Reliance Communications Ltd.has granted a US$ 1 billion-contract to Ericsson AB, the world's largest manufacturer of wireless networks, to manage the systems of the Indian phone operator. The contract is beneficial for Ericsson, as the company is trying to sell more services such as network management and maintenance and this contract will help it expand its services business in Asia. Reliance, which awarded a US$ 1 billion services contract to French phone-equipment maker Alcatel-Lucent SA also, is signing such deals to reduce the cost of running its networks. Government Initiatives.

The Indian Government is very well known to the fact that service-based orientation of the Indian economy is providing fresh impetus to the country's growth and development. To sustain India's position as a strategic service industry on the global platform, the Government keeps introducing norms and policies for the betterment of related infrastructure and auxiliaries. The India-Asean agreement on services and investments is expected to be concluded by early 2014 paving the way for further co-operation, according to Mustapa Mohamed, Malaysian Minister for Trade and Industry.

Moreover, the Delhi Government, under its electronic monitoring service level agreement (e-SLA), has decided to integrate its online service with SMS facility. The new system, which is currently being tested, will enable Delhi citizens to check the status of their important documents like the driving license. Apart from that, they can also check the status of various other facilities such as electricity connections, water connections, ration card, freehold of Delhi Development Authority's flats, issuance of birth and death certificate, etc. The system is expected to be in place soon. Road Ahead.

Needless to say, education is the thrust of development and hence, drives any industry and sector of the economy. Education in itself is one of the most crucial service industries and its growth comes prior to any other industry. A study named 'Indian Higher education Sector' by Deloitte has stated that the demand for higher education will continue to increase due to a booming economy, with a growing share of the knowledge-intensive services sector and growing middle class. The projection of increasing the Gross Enrolment Ratio from current levels to 30 per cent by 2020 would itself translate into 24 million additional enrolments.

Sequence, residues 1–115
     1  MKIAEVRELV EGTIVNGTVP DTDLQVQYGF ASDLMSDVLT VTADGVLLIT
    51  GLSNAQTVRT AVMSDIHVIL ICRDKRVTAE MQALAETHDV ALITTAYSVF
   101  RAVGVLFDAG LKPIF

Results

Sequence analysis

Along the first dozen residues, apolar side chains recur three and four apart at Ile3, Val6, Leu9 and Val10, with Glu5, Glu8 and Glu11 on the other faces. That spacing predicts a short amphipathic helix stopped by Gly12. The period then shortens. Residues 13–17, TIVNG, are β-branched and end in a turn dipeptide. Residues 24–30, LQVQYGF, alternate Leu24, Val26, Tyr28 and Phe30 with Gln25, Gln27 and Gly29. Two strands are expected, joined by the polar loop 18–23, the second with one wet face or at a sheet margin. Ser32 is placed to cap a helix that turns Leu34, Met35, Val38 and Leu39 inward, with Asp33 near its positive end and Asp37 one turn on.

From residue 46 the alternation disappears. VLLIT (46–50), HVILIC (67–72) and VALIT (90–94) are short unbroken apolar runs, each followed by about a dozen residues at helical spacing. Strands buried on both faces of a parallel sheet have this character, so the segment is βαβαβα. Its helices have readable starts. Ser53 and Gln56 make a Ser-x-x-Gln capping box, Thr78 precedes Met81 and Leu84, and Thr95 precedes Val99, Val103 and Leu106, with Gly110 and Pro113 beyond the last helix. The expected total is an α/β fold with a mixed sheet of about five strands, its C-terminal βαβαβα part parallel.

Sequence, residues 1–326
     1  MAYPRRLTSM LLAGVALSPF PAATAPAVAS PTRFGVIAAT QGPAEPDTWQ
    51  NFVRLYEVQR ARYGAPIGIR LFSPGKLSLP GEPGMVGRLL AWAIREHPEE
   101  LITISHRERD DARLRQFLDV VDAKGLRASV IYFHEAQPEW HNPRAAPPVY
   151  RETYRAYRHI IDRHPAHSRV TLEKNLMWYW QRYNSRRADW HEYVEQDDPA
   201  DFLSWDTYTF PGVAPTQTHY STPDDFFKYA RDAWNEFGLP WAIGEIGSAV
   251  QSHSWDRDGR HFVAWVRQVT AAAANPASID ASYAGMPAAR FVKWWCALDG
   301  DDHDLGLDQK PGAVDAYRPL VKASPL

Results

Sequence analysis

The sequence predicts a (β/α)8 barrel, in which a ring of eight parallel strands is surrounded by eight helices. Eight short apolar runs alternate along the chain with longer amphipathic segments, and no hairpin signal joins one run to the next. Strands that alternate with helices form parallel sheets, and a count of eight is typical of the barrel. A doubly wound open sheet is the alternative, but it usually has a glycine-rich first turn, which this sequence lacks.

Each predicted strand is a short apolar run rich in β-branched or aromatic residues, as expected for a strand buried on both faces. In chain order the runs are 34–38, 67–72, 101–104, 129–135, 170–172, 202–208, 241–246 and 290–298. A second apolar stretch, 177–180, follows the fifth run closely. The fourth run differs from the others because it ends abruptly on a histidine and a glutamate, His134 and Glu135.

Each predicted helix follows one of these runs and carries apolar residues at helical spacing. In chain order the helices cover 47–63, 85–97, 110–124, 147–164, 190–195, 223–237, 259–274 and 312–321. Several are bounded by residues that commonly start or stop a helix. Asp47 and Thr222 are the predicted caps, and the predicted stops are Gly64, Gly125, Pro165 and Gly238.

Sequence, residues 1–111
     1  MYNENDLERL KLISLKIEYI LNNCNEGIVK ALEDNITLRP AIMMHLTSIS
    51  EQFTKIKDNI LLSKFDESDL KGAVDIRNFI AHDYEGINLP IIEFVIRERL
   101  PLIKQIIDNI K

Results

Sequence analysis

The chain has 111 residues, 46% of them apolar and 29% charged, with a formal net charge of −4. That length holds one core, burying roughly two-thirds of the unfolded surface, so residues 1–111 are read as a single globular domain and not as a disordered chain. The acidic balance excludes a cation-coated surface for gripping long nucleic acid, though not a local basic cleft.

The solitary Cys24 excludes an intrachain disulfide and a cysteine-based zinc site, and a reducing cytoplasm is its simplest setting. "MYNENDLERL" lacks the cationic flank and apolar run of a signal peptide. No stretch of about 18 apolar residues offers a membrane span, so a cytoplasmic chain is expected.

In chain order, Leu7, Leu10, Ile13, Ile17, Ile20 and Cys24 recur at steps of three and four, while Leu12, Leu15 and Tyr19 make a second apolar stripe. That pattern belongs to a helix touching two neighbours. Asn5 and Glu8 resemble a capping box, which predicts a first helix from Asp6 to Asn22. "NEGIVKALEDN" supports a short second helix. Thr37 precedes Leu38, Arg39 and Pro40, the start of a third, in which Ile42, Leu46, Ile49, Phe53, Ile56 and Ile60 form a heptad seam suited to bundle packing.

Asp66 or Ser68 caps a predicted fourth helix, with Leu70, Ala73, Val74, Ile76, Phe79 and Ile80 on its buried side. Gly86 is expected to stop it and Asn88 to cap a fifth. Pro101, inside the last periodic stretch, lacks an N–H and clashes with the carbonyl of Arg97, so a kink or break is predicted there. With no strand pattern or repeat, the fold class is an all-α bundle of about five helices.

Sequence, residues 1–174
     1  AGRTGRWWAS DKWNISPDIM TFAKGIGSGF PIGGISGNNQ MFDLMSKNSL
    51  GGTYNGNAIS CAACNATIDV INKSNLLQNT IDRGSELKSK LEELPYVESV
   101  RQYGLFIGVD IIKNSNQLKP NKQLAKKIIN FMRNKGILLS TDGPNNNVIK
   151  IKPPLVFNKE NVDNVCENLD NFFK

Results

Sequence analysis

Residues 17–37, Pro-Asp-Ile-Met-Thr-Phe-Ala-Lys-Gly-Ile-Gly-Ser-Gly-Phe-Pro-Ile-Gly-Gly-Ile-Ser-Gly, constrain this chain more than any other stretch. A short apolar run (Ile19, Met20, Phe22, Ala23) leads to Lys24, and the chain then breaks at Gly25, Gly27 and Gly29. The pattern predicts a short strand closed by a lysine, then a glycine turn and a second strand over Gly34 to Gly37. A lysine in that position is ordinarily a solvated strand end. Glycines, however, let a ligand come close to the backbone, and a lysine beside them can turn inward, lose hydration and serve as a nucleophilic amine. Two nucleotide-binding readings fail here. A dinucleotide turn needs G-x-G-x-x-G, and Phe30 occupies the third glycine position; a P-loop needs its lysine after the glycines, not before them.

Moreover, India currently has 80 million mobile internet users and the number is burgeoning with every passing year, according to an Internet and Mobile Association of India (IAMAI) and IMRB report. In order to cater to these users, digital entrepreneurs are evolving a plethora of mobile-based value-added services (VAS) for everything (from entertainment to payments and advertising). Industry experts believe that with passage of time, VAS would break out into separate verticals like entertainment, payments, social media and many more in the years to come

Post-liberalisation period (since 1991) Main articles: Economic liberalisation in India and Economic development in India GDP of India has risen rapidly since 1991. In the late 1970s, the government led by Morarji Desai eased restrictions on capacity expansion for incumbent companies, removed price controls, reduced corporate taxes and promoted the creation of small scale industries in large numbers. However, the subsequent government policy of Fabian socialism hampered the benefits of the economy, leading to high fiscal deficits and a worsening current account..

The collapse of the Soviet Union, which was India's major trading partner, and the Gulf War, which caused a spike in oil prices, resulted in a major balance-of-payments crisis for India, which found itself facing the prospect of defaulting on its loans. [60] India asked for a $1. 8 billion bailout loan from the International Monetary Fund (IMF), which in return demanded reforms. [61] In response, Prime Minister Narasimha Rao, along with his finance minister Manmohan Singh, initiated the economic liberalisation of 1991.

The reforms did away with theLicence Raj, reduced tariffs and interest rates and ended many public monopolies, allowing automatic approval of foreign direct investment in many sectors. [62] Since then, the overall thrust of liberalisation has remained the same, although no government has tried to take on powerful lobbies such as trade unions and farmers, on contentious issues such as reforming labour laws and reducing agricultural subsidies. [63] By the turn of the 21st century, India had progressed towards a free-market economy, with a substantial reduction in state control of the economy and increased financial liberalisation.